What is the extent of the moral and halachic obligation to save another's life? The question is far too broad and nuanced to even discuss in this forum. I only want to point out a not well known paragraph from Reb Meir Simcha in his Ohr Samei'ach on this topic. Every word in Reb Meir Simcha is a gem, and this one is particularly interesting and deserves wider dissemination.
The issue at hand is whether one is allowed to endanger his life to save someone else. Assuming he is allowed to do so, is he obligated to do so? Does the relative degree of danger to himself and the other person matter? There has to be some leeway here; an absolute prohibition would mean there were no soldiers, no policemen, no doctors in infectious disease clinics, and no firefighters. As you can see, the numerous permutations require careful attention. One current question is whether a person may donate a kidney or part of a liver to someone who would otherwise die. There is definitely a danger involved in living donation. It is allowed? Is it justified? Is it a mitzvah? Is it an obligation? For helpful overviews and a survey of the various opinions, both modern and ancient, see here and here. There is a wonderful group, called HODS- the Halachic Organ Donor Society- that has a very interesting and informative web site dedicated to this and many other issues. I should really have linked to HODS' home page, but the video on the home page is so hard to watch, and so beautiful and poignant at the same time, that I wanted to warn you before linking to it.
As always, halachic questions of this nature should be directed to an Orthodox Rabbi of stature. Basic rabbinic training certainly does not guarantee the expertise to deal with such questions.
Back to Reb Meir Simcha. The Gemara says that a person who must run to the Ir Miklat, that is, a person who had killed someone inadvertently, may never leave until the Kohen Gadol dies. There is absolutely no circumstance that would allow him to leave. As the Mishna in Makkos 11b says,
Reb Meir Simcha addresses the question, how can it be that Pikuach Nefesh wouldn't allow temporary abatement of the punishment of Galus? If he is needed to lead the army in war, if he is needed to testify in a capital case, if he is a doctor, nothing at all allows him out, despite the deaths that will likely result from this refusal. What happened to the primacy of human life? In fact, I would say that the best possible thing for this man to do that would rectify his negligent taking of a life is to go and save lives! Why doesn't the Torah allow this?
Reb Meir Simcha (in 7 Rotzei'ach 8) answers that all these reasons would not affect the vengeful relative's right to kill him. The Goel Hadam will still have the right to kill this man as soon as he walks out of the Ir Miklat. Since leaving endangers him, he is not allowed to leave his safe refuge; A man may not endanger his life in order to save others. (I would not be too quick to assume that this is based on Reb Akiva in Bava Metzia 62a, חייך קודמין, because Reb Meir Simcha makes no reference to that Gemara at all.) This is particularly interesting in light of the fact that the ability and the motivation of the Goel Hadam to do what he is allowed to do will vary with the time and place and circumstances. But Reb Meir Simcha says that the mere fact that the Goel Hadam has the right to kill this man with impunity prohibits this man from leaving the Ir Miklat, even if leaving would enable him to save another man's life.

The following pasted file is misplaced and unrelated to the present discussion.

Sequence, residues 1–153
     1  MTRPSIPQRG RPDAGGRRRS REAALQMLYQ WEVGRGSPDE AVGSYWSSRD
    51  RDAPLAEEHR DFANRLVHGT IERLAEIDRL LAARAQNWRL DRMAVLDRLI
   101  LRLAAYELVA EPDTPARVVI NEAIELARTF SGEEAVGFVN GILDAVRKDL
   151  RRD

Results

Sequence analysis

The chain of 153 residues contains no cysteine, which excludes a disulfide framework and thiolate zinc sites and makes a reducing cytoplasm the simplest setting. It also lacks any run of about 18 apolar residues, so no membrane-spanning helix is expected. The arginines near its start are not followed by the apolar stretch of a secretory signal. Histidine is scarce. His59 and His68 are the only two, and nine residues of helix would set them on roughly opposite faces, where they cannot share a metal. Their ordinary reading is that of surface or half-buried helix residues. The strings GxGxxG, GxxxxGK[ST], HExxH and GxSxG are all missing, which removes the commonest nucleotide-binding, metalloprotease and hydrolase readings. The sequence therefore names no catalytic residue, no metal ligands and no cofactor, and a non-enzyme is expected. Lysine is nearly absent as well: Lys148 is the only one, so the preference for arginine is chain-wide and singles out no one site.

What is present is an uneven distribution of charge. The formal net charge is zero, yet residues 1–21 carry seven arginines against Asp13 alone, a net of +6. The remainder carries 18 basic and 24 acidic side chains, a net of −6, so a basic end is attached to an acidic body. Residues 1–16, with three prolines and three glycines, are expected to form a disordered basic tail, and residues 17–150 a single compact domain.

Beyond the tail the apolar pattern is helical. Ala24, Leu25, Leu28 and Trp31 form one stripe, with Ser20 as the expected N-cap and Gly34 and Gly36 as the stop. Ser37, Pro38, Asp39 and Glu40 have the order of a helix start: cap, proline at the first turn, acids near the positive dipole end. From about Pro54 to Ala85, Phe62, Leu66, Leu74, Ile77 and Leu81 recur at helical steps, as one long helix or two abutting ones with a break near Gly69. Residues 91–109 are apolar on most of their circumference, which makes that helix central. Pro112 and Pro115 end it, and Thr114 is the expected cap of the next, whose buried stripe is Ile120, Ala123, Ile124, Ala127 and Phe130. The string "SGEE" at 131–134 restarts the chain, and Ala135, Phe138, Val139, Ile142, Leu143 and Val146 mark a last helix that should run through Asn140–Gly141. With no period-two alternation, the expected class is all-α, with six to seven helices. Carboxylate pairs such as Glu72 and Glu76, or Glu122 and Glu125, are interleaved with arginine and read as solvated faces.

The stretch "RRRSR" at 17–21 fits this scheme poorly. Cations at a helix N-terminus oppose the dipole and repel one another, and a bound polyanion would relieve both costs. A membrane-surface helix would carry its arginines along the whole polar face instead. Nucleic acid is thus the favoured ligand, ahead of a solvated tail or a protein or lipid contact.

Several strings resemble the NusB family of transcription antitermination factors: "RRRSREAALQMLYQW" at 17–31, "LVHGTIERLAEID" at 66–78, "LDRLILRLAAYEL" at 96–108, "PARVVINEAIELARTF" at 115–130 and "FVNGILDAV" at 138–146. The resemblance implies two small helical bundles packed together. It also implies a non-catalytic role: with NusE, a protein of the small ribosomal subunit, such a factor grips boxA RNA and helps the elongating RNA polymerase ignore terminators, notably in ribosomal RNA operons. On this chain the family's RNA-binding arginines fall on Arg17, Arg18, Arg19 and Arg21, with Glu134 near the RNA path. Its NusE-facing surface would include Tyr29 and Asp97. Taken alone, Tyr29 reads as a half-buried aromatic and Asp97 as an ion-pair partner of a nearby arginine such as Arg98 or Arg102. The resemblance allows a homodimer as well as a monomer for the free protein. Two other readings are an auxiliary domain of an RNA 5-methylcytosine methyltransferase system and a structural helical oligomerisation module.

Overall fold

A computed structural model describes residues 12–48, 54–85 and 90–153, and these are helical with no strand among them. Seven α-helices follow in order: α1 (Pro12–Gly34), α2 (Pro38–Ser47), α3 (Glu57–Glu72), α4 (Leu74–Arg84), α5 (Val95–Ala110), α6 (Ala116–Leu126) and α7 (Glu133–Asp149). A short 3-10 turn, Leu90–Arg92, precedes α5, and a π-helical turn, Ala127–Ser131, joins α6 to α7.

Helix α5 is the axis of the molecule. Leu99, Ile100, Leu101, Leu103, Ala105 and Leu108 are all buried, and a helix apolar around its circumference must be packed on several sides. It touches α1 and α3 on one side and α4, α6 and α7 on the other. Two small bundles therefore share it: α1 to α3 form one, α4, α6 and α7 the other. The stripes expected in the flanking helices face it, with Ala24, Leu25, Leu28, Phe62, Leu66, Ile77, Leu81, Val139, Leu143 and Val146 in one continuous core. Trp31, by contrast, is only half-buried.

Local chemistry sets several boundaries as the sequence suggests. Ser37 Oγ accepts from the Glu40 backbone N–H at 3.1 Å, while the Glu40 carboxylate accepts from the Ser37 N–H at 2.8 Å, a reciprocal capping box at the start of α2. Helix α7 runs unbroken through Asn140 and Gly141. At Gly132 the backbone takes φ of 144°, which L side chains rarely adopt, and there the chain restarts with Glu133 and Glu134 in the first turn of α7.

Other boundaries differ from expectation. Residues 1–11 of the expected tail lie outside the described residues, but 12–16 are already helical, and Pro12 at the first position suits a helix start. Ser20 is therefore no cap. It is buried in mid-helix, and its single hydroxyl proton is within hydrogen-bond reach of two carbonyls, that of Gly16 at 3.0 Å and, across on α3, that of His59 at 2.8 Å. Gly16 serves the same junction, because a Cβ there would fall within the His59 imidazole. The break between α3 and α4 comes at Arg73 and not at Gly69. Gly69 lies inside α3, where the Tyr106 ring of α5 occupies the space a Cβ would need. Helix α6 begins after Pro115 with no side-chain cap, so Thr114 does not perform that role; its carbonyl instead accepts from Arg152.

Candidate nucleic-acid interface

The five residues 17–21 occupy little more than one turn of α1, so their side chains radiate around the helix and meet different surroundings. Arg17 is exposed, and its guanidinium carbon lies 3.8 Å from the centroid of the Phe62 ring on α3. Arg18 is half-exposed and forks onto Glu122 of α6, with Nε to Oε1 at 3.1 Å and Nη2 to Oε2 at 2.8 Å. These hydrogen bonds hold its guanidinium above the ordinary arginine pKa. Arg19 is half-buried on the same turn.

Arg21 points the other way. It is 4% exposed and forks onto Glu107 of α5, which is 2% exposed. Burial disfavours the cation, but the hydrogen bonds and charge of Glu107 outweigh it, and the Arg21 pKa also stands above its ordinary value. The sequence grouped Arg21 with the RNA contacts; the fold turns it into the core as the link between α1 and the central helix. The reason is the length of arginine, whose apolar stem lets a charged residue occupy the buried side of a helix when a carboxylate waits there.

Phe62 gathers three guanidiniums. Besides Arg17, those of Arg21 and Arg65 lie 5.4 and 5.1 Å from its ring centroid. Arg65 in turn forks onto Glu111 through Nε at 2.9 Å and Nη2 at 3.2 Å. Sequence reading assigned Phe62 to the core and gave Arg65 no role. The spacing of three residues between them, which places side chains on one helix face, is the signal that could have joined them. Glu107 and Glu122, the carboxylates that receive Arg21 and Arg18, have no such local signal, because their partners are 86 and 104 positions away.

Without in any way deprecating Reb Meirs Simcha's teretz, the fact remains that, as he himself cites extensively, many poskim say that one may, perhaps even must, endanger himself to save another's life, and his teretz is of no use in explaining how the others would learn the Mishna in Makkos. (Rav Shternbuch, in Taam VaDaas, argues that the whole concept of war means that you endanger yourself for the benefit of the people, and it doesn't make any sense to say that it is the danger of the Goel HaDam that precludes a general from leaving the Ir Miklat in order to lead his army in war. I'm not impressed with his raya, but there it is.) A certain Isha Chashuva immediately answered that the experience of Galus has to be a simulacrum of death, of leaving everything behind and not being able to return. If the person can come back for any reason at all, then it's not at all like being dead. (I once said that the reason women tend to get headaches is because vestigial organs are more prone to derangement. While I still think this is true, my rebbitzen has made it clear that it does not apply to her.)
Here is our teretz.
Galus is a form of chiyuv missah. Chiyuv missah obviously trumps V'chai bahem. Proof- first of all, the fact that you kill the guy is proof enough. More- pikuach nefesh is docheh shabbos, but a mechallel Shabbos is chayav missah. One might say that this is because Rachmana afkerei l'damei. Or one might say that the chiyuv missa is doche pikuach nefesh. If you say the latter, then you have a pshat in the Mishna in Makkos. In any case, one thing is certain: you don't say אז מען דארף דעם גנב - נעמט מען אים פון די תליה אראפ